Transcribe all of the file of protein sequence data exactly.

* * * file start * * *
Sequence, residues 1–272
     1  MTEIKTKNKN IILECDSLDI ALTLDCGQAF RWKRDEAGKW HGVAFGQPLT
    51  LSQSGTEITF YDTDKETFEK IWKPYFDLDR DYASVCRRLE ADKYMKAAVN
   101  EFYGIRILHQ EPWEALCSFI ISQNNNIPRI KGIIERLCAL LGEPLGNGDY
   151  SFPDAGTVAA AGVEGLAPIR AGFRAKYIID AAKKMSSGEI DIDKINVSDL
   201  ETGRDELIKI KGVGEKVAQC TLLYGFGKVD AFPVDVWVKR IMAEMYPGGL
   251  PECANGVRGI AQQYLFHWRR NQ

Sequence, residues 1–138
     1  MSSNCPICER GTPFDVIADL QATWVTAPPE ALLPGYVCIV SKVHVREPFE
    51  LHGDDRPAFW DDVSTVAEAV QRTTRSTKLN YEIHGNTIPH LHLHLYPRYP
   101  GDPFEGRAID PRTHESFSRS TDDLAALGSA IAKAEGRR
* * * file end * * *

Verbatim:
Sequence, residues 1–272
     1  MTEIKTKNKN IILECDSLDI ALTLDCGQAF RWKRDEAGKW HGVAFGQPLT
    51  LSQSGTEITF YDTDKETFEK IWKPYFDLDR DYASVCRRLE ADKYMKAAVN
   101  EFYGIRILHQ EPWEALCSFI ISQNNNIPRI KGIIERLCAL LGEPLGNGDY
   151  SFPDAGTVAA AGVEGLAPIR AGFRAKYIID AAKKMSSGEI DIDKINVSDL
   201  ETGRDELIKI KGVGEKVAQC TLLYGFGKVD AFPVDVWVKR IMAEMYPGGL
   251  PECANGVRGI AQQYLFHWRR NQ

Sequence, residues 1–138
     1  MSSNCPICER GTPFDVIADL QATWVTAPPE ALLPGYVCIV SKVHVREPFE
    51  LHGDDRPAFW DDVSTVAEAV QRTTRSTKLN YEIHGNTIPH LHLHLYPRYP
   101  GDPFEGRAID PRTHESFSRS TDDLAALGSA IAKAEGRR